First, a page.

The Malamutes barked. Kia paused for a second, torn between two loves. She looked from the new ball to the bushes and back. Decision made, she ran one more lap with it before ducking beneath the branches.
“So much for that idea,” I muttered as she even abandoned this ball for the excitement of barking at her neighbors.
I kept trying, playing tag as she ran her laps, cutting her off so she’d swerve around me. But in the end, she always returned to the bark-fest in the bushes.
On the Saturday after Thanksgiving, almost four months into the “bonding process,” we ventured yet again into the backyard for playtime. It was quiet. The neighbors had gone away for Thanksgiving.
As Kia ran her laps, I tried to find a warm spot in the weak Georgia sun. I didn’t feel like chasing her, but continued coaxing her to me.
“Kia–Come! Bring me the ball.”
Kia trotted up to my chair, then ran off with a flick of her tail, swinging the ball with the rhythm of her stride.
“Cheater!” I teased. “Kia–Come!”
This time she stopped in front of me, watching my face and ready to run.
“Grrrr!” I growled and started toward her. Off she dashed to the end of the yard. She whirled and came running past me.
“Come back here!” I said, and when she did, “Gimme that ball.”
To my surprise, she dropped it on my footstools. We froze looking at each other for a moment, her tail wagging.
With the ball between my feet, I turned sharply, carrying it with me. Chasing along my side, she snatched the ball and sped toward the house.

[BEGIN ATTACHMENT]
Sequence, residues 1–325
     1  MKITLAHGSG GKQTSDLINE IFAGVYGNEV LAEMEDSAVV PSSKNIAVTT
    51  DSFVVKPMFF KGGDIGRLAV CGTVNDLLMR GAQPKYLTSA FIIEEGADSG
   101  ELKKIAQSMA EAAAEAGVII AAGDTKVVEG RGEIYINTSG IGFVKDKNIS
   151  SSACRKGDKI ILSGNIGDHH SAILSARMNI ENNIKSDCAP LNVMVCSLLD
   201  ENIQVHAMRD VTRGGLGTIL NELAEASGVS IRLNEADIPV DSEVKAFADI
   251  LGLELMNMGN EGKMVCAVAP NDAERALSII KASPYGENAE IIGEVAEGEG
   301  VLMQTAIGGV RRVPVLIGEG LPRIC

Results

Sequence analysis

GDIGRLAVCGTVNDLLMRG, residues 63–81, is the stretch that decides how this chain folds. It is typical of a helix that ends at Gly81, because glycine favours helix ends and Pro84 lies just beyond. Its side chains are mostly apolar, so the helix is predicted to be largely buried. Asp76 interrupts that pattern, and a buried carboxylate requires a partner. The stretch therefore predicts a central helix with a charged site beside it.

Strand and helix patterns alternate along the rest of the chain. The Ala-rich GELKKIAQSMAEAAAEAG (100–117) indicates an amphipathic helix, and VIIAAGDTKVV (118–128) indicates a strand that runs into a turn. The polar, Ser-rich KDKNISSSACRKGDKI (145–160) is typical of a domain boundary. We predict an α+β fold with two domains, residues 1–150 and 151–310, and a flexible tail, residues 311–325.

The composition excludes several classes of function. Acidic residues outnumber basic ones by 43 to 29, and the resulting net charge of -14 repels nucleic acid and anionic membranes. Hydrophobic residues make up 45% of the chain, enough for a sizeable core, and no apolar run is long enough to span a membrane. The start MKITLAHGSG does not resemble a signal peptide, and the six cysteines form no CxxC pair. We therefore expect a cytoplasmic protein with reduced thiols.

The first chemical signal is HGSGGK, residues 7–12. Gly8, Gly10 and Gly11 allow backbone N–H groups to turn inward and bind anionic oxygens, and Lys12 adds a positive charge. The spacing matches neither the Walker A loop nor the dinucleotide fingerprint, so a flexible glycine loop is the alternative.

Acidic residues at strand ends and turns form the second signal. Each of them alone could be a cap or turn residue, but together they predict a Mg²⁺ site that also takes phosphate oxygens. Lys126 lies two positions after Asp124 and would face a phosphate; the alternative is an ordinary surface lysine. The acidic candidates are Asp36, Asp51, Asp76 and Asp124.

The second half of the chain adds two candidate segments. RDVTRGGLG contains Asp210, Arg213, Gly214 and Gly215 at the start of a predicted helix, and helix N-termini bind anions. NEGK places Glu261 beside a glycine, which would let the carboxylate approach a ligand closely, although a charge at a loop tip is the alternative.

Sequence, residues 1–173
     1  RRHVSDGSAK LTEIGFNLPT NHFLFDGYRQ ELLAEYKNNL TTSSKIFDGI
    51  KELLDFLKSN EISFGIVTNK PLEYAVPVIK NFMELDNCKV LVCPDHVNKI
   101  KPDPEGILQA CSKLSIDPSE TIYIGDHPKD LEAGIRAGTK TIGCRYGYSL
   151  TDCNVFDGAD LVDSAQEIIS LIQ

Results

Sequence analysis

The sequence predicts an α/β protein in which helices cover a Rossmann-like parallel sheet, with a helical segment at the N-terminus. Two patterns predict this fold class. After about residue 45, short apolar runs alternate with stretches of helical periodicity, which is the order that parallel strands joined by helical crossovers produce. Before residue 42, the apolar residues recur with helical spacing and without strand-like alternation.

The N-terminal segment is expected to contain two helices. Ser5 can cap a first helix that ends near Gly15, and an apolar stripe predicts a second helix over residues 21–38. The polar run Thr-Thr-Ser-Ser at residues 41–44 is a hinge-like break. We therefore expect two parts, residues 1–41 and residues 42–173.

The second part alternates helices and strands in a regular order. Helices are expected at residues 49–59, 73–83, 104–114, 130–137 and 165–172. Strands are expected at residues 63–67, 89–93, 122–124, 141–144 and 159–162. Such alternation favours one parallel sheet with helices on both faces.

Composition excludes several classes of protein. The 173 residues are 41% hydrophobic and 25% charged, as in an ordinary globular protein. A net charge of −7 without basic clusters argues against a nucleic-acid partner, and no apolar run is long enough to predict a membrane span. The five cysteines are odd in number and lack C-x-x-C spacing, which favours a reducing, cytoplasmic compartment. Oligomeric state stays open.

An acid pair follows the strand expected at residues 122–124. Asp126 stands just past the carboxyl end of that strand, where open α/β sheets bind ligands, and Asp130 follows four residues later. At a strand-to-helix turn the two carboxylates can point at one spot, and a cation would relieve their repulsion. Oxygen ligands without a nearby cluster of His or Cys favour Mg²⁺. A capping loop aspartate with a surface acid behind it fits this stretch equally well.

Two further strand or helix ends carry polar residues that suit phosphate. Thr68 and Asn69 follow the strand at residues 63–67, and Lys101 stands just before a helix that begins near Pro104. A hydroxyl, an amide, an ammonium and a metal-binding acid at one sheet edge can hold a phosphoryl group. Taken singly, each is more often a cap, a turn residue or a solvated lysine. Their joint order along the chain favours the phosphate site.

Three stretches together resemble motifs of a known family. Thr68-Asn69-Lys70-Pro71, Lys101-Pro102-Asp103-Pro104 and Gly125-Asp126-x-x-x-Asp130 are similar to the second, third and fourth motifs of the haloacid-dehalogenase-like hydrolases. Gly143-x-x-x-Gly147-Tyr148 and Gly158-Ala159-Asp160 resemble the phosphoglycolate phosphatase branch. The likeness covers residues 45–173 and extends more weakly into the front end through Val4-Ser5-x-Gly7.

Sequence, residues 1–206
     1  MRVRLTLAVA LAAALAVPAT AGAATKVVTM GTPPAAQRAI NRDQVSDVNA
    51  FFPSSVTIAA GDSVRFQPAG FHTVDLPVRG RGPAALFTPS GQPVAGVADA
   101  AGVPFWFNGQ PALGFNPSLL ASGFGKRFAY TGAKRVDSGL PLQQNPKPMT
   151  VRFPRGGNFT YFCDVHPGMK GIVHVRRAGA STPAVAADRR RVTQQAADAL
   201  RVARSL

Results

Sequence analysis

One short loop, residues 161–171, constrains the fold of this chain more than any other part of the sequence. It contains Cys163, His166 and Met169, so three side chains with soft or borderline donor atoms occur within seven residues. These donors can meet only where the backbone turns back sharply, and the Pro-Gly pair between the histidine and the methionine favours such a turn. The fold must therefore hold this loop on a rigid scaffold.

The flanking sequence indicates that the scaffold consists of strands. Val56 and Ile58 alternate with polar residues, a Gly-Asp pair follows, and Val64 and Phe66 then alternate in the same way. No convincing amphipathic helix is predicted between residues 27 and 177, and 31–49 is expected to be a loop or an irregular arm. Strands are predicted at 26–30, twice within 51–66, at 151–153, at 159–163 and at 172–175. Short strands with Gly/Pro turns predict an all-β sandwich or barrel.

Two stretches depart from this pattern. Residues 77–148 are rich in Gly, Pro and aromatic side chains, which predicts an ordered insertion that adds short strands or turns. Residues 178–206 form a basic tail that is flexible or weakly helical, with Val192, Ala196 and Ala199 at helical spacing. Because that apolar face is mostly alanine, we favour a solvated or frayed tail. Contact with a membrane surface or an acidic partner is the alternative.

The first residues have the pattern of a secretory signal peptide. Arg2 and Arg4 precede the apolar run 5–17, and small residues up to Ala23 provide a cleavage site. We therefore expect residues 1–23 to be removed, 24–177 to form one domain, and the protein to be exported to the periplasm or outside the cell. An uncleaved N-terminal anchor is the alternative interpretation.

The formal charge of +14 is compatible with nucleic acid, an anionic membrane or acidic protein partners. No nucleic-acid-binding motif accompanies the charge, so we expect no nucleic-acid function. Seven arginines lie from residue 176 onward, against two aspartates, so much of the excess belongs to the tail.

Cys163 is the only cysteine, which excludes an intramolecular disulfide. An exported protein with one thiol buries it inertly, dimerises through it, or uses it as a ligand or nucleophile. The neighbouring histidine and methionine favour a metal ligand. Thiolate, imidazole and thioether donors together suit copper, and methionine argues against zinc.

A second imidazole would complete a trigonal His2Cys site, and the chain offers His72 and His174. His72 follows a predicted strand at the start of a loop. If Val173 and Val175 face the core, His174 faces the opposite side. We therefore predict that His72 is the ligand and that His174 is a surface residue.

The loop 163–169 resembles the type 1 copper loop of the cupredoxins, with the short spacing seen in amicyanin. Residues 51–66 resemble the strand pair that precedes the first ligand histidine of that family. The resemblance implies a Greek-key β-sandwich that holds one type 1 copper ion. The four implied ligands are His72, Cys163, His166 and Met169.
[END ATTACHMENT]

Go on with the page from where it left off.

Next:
“Kia–Come! Gimme that ball!”
Again she dropped it on my footstools. I whirled my chair as fast as I could on grass and she followed, grabbing the ball and loping across the yard.
“Good girl!” I yelled, chasing after her.
The next sunny day, we raced outside. I heard the dogs next door and prepared for the worst. Kia ran her laps, then surprised me by stepping up on my footstools to deposit the spit-ladened ball on my knees.
“Off!” I said and she jumped down, waiting. I backed away, dropping the ball as my chair bounced over the grass. The ball had barely touched down when Kia caught it and ran, kicking her rump up like a bucking bronco. I had to laugh.
Alternating the ball on the footstools and in my lap, Kia ignored the barking Malamutes next door. Dirt turned into a slimy paint as she drooled on the leather. Up and down the yard we raced. Twenty minutes later, we both wanted to go in.
Dog spit and ball slime spotted my grey sweat pants. My tennis shoes sported dried grass and dirt blobs. Brown streaks decorated my sweatshirt’s front. Kia panted loudly beside me, her spooned-tip tongue layered in grit. Stray bits of grass poked out at the corners of her mouth, and red dust gave her nails a freshly manicured look.
“You’re a mess!” my dad exclaimed as we came on the porch.
“But we played!” I said. Kia flopped to the floor, the water bowl between her front paws. She lapped noisily.
“Uh-huh,” he said distractedly. “Stay here while I get something to clean you up.” He disappeared into the house, grumbling, “You shouldn’t let her get you so dirty.”
“Whatever,” I muttered and looked down at my grinning pup. She stretched against the cool tile, her tongue wiping a circle in the dust as she panted. Catching my eyes on her, she thumped her tail on the floor and sighed.
For more information about Canine Partners for Life, click on this link: k94life.org .
How did you like this story? Does this inspire you to help out an organization like Canine Partners for Life?